Storyville is a portrait of the New Orleans red light district sometimes credited as the birthplace of jazz, in the days before the federal government closed it by force in 1917. Boasting a book by acclaimed playwright Ed Bullins, with music and lyrics by Mildred Kayden, the piece is currently being revived by the midtown-based York Theatre Company.
The musical focuses on the boxer and trumpeter Butch “Cobra” Brown (Kyle Robert Carter), who comes to town and immediately falls in love with hard-to-get jazz singer Tigre (Zakiya Young). After facing various racially motivated threats instigated by Storyville’s conniving “Mayor” Mulligan—including a rigged “battle royale,” a botched attempt on Tigre’s life, and an illicit deal that turns sour in a cash handoff—Brown ultimately wins Tigre’s affection. The two head upriver together to spread the gospel of jazz across the country when Storyville is shut down at the show’s end.
It’s a promising scenario, no doubt, and one with continuing political relevance in our post-Katrina, post-Trayvon age. But past its key narrative points, Storyville feels notably hollow, a loose collection of incidents and one-dimensional characters that never fully cohere into a plot.
At its 1977 La Jolla premiere, the piece was met with a chilly critical reception, with the La Jolla Light’s Gay Fall asking in a laconic headline, “But, Where Is the Story?” It’s a good question. One of Bullins’s biographers records that Storyville originally ran almost six hours before being slashed for its premiere. At just over two hours in this revival, it seems like the skeleton of a larger, more complex, perhaps richer work.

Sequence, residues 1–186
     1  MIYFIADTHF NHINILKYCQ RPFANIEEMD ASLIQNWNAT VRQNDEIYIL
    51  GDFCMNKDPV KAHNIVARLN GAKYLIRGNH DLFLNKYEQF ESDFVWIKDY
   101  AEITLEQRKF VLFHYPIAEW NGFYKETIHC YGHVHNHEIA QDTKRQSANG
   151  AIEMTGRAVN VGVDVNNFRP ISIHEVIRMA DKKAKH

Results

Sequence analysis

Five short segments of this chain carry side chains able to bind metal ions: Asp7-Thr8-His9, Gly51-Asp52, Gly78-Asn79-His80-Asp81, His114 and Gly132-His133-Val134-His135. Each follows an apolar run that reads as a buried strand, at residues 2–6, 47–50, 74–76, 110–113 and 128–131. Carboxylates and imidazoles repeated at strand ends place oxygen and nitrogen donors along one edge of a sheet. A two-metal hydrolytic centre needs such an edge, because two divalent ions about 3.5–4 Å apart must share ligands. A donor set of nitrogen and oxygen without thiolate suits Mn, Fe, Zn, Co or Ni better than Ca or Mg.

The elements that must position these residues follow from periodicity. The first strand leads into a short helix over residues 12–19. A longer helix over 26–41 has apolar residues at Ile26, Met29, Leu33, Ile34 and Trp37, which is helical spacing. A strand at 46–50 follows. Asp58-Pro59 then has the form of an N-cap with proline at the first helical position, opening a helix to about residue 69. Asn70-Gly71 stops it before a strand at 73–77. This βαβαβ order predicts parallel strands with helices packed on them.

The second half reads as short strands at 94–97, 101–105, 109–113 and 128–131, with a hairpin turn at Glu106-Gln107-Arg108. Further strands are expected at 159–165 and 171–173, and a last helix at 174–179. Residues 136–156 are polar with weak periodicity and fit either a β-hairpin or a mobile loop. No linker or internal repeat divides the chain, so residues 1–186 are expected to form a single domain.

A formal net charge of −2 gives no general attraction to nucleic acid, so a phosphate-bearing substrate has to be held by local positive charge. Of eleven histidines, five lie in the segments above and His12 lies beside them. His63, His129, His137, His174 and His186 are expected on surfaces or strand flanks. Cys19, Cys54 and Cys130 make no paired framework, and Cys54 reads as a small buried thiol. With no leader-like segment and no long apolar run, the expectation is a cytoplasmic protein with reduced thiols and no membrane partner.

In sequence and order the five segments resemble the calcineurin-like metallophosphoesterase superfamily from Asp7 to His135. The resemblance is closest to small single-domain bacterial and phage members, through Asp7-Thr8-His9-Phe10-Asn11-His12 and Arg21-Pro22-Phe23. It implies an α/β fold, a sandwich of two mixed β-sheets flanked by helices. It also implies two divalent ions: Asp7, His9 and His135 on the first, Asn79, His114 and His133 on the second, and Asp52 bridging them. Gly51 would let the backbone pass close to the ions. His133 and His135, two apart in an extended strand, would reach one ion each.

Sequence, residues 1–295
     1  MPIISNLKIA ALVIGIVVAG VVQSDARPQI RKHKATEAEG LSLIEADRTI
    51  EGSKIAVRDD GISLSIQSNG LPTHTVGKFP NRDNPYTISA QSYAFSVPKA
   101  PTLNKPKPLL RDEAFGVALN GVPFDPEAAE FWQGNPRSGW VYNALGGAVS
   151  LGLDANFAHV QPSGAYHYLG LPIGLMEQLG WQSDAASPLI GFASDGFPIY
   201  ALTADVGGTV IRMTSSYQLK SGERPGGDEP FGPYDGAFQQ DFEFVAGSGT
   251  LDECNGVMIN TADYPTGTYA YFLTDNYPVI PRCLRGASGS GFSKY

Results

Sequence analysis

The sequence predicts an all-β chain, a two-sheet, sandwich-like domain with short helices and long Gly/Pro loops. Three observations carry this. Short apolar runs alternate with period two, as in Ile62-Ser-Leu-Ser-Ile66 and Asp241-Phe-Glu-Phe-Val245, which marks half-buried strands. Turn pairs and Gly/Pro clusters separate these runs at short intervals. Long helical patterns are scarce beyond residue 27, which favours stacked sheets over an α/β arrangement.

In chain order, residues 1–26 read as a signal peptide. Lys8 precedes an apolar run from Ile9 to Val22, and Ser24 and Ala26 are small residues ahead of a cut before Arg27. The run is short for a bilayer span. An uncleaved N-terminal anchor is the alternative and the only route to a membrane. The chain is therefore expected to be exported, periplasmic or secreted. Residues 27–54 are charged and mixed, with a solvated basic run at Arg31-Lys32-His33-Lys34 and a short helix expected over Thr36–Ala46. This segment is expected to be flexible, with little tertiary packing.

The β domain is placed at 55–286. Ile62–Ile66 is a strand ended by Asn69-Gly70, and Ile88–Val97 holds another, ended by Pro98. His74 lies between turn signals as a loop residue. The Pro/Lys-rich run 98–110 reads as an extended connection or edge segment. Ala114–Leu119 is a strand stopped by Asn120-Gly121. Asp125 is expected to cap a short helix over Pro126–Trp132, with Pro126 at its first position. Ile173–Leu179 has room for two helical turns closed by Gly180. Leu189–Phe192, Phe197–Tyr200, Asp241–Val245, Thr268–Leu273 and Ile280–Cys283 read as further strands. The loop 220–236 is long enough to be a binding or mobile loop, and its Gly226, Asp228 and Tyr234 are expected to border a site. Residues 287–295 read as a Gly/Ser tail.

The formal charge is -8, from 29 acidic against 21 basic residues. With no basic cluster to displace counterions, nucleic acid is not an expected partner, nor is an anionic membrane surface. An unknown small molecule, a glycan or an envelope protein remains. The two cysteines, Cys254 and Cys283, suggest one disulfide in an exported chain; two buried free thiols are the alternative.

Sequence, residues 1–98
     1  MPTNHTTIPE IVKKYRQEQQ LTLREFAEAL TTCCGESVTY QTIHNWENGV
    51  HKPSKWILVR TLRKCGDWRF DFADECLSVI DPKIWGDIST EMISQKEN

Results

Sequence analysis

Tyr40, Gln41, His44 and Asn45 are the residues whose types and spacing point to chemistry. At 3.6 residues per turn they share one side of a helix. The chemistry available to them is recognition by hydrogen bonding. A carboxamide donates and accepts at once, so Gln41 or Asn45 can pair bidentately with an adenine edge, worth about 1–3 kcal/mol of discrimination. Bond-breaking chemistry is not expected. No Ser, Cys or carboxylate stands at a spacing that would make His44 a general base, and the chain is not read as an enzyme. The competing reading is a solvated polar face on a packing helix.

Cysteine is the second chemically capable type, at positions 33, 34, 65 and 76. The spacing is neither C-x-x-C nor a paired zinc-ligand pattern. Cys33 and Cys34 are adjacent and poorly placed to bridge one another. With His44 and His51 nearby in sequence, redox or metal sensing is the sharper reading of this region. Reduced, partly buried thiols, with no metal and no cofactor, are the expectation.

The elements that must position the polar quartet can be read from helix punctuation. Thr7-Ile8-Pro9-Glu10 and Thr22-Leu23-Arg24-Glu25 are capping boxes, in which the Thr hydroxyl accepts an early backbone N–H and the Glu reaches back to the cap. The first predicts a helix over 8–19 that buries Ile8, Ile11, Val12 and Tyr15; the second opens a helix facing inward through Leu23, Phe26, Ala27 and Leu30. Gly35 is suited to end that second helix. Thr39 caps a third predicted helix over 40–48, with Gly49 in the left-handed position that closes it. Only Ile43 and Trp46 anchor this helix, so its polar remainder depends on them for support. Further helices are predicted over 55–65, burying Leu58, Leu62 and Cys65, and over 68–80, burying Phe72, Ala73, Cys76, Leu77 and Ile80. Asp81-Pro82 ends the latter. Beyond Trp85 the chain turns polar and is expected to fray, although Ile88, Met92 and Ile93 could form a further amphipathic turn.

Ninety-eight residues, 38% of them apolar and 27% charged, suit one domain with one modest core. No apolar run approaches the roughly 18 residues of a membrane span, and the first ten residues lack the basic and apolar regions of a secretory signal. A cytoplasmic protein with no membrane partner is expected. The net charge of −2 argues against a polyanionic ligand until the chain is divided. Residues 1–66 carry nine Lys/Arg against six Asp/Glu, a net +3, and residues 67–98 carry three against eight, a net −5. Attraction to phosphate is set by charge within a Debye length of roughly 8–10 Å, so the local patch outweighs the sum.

Kayden’s songs are energetic and sometimes fun, but they fall short of the high mark set by their New Orleans predecessors. The lyrics are mostly forgettable. Musical numbers break up the already fragmentary plot rather than furthering it, and so the show’s overall musical effect is more like a scattered revue than a coherent whole.
The York Theatre Company’s production, directed by Bill Castellino, almost redeems the piece’s flaws. Its large, ensemble-based cast is uniformly strong, and several performances are truly exceptional: Carter and Young shine as the young romantic leads, while NaTasha Yvette Williams and Debra Walton (as Mama and Fifi, respectively) all but steal the show with their outstanding vocals in act two. The production’s direction, design elements, choreography, and music are all competently executed.
Still, something crucial is missing. Certain moments may set toes tapping, but the lack of a compelling story in Storyville will ultimately leave its audience feeling indifferent.